Overall, this album is absolutely genius in parts, but then quite poor in others. The rating for this one was really difficult to figure out, as I was jumping between a 3 and 4 for quite a while, but eventually settled on a 3, as while there are some tracks of pure greatness, most of the stuff past Hysteria is fairly unimpressive, and Falling Away With You is frustratingly poor. That said, the overall darker, more grandiose tone of the album is something I'm definitely a big fan of, and if this album were trimmed down a bit and refined, this would probably be an album I enjoyed even more than Origin Of Symmetry.

Best songs: Apocalypse Please, Stockholm Syndrome, Hysteria

Weakest songs: Falling Away With You, Blackout, Thoughts of A Dying Atheist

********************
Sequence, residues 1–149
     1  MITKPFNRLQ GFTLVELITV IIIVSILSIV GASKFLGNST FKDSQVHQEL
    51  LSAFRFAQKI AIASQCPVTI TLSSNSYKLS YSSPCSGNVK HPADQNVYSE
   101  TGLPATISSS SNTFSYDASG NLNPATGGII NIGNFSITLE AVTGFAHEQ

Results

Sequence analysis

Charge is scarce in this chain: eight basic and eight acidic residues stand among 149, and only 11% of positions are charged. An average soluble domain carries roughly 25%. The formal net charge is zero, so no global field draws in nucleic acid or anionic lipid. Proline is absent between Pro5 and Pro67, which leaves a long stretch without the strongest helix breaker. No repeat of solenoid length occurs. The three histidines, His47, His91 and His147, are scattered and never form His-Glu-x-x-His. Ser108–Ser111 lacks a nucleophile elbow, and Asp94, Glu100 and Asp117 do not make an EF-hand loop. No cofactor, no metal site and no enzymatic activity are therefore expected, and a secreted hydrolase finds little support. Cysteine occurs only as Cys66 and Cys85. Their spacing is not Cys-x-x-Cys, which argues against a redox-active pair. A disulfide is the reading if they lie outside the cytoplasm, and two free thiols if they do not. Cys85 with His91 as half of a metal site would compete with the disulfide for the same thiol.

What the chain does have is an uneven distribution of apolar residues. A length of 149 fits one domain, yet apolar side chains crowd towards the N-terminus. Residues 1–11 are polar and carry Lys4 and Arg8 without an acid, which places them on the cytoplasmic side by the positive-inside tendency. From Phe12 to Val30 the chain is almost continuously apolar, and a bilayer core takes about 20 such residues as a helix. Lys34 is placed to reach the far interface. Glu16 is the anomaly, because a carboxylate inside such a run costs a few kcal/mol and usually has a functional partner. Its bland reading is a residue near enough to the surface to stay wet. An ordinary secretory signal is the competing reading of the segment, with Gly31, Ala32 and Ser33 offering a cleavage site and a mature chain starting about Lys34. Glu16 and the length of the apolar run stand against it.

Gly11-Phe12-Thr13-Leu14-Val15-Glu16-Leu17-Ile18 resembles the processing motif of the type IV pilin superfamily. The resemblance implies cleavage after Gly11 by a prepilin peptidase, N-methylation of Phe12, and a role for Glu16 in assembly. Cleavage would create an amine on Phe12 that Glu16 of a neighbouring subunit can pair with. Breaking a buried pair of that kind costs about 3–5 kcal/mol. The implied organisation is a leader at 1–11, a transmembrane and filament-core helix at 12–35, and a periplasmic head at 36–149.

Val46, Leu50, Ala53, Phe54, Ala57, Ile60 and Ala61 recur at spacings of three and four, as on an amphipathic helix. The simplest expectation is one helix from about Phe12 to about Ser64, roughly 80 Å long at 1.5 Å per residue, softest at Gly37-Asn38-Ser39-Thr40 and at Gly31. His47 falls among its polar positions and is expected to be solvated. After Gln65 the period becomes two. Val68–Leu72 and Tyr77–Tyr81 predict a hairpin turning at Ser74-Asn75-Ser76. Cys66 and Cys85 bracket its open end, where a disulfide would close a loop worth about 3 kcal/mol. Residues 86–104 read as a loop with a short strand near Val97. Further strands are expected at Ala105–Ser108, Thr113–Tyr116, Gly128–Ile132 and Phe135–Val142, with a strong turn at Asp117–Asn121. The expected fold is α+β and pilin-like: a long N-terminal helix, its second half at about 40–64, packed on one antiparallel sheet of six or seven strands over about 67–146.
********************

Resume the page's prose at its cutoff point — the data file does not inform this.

Verdict: If you like really bombastic, dramatic music, you'll probably find some enjoyment in this album, as despite some bumps along the way, the album does have some genuinely incredible songs that are just unfortunately balanced out by mediocrity. That said, I do think that if you're looking for something like what has been described, you should check this out at least once, because it's far from bad.

Kempokid | 3/5 |